If you have the feedback on the wrong side of the OPT secondary that would be consistent with the symptoms you're seeing. That would turn it into positive feedback, which has a much more 'noticeable' effect than the wanted negative feedback.


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 Post subject: Re: 6V6 amp project- with a twist
PostPosted: Apr Mon 02, 2018 6:57 am 
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Flipperhome wrote:
john8750 wrote:
I just went through a detailed test. I have a problem in the feed back circuit. Has nothing to do with the tone board. I feed the MP3 straight in, and have the problem with tone board disconnected. I will double check wiring tomorrow.
But wilt NFB disconnected, the amp sounds just as good as my 6V6.
If you have the feedback on the wrong side of the OPT secondary that would be consistent with the symptoms you're seeing. That would turn it into positive feedback, which has a much more 'noticeable' effect than the wanted negative feedback.




Now that's a good tip. and very possibly the problem. Those durned Edcors have confused me every time. I will take a look at that. They might have the makings incorrect. I don't know of a way to test for that.

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 Post subject: Re: 6V6 amp project- with a twist
PostPosted: Apr Tue 03, 2018 5:35 am 
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Try reversing either the primary or secondary winding polarity but not both windings


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 Post subject: Re: 6V6 amp project- with a twist
PostPosted: Apr Tue 03, 2018 5:58 am 
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I will reverse the secondary. That would be the easiest. Will report the results. Thanks for the help Men.

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 Post subject: Re: 6V6 amp project- with a twist
PostPosted: Apr Fri 06, 2018 2:37 am 
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I was gonna tackle that tonight. But run out a gas. I did look at it in the shop. Gonna be a bit of work. But will be well worth it. Then I will consider it hi-fi.

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 Post subject: Re: 6V6 amp project- with a twist
PostPosted: Apr Fri 06, 2018 9:38 pm 
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That made the difference. I transposed the secondary connection wiring. Now has great sound. Very low distortion. I think I still like it better w/out the NFB connected. So will leave it like that, remove the switch. It would just be confusing.
Now ready to present to my Cousin.

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 Post subject: Re: 6V6 amp project- with a twist
PostPosted: Apr Fri 06, 2018 9:45 pm 
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john8750 wrote:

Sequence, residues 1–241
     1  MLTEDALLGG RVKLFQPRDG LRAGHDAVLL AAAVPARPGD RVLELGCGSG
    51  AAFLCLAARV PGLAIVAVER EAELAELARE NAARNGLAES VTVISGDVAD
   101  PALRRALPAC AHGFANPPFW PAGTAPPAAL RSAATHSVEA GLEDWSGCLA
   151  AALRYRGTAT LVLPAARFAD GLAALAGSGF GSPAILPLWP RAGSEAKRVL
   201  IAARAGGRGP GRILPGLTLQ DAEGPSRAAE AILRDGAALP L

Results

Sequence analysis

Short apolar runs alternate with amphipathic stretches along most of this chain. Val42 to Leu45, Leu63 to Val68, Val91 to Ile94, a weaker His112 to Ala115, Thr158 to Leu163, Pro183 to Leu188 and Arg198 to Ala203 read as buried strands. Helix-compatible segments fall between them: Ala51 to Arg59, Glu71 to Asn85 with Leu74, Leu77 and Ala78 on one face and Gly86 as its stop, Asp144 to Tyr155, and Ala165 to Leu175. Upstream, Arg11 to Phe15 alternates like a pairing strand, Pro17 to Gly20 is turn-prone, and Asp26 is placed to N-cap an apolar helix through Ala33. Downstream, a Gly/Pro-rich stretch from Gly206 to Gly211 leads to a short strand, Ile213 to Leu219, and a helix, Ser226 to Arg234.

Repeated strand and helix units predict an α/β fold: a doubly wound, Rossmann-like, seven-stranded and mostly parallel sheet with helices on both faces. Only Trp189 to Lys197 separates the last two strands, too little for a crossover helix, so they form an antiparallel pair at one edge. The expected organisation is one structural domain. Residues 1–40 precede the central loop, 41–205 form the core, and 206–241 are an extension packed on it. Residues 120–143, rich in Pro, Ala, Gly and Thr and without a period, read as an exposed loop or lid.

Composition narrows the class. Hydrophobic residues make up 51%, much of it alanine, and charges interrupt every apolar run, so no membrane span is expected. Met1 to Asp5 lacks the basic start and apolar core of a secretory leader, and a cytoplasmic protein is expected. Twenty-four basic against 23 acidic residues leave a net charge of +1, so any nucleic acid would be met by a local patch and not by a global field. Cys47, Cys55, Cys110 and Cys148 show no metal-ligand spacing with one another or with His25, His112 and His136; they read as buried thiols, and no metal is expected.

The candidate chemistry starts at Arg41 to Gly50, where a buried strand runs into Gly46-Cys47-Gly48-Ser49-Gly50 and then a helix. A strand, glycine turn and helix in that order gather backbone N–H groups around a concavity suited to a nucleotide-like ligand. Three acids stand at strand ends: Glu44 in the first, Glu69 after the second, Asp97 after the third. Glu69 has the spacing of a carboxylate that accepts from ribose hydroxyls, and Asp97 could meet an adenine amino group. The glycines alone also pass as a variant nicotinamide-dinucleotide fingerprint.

That made the difference. I transposed the secondary connection wiring. Now has great sound. Very low distortion. I think I still like it better w/out the NFB connected. So will leave it like that, remove the switch. It would just be confusing.
Now ready to present to my Cousin.

That's how I've been enjoying mine... NFB switched off.

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 Post subject: Re: 6V6 amp project- with a twist
PostPosted: Apr Fri 06, 2018 10:30 pm 
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Pbpix wrote:
john8750 wrote:
That made the difference. I transposed the secondary connection wiring. Now has great sound. Very low distortion. I think I still like it better w/out the NFB connected. So will leave it like that, remove the switch. It would just be confusing.
Now ready to present to my Cousin.

That's how I've been enjoying mine... NFB switched off.



I agree Peter. On this amp I tried it disconnected. But had a problem, so couldn't really compare. Now that the secondary terminals have been corrected I can tell the difference. NFB might work better on a high powered amp.

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 Post subject: Re: 6V6 amp project- with a twist
PostPosted: Apr Fri 06, 2018 10:39 pm 
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john8750 wrote:
Pbpix wrote:
john8750 wrote:
That made the difference. I transposed the secondary connection wiring. Now has great sound. Very low distortion. I think I still like it better w/out the NFB connected. So will leave it like that, remove the switch. It would just be confusing.
Now ready to present to my Cousin.

That's how I've been enjoying mine... NFB switched off.



I agree Peter. On this amp I tried it disconnected. But had a problem, so couldn't really compare. Now that the secondary terminals have been corrected I can tell the difference. NFB might work better on a high powered amp.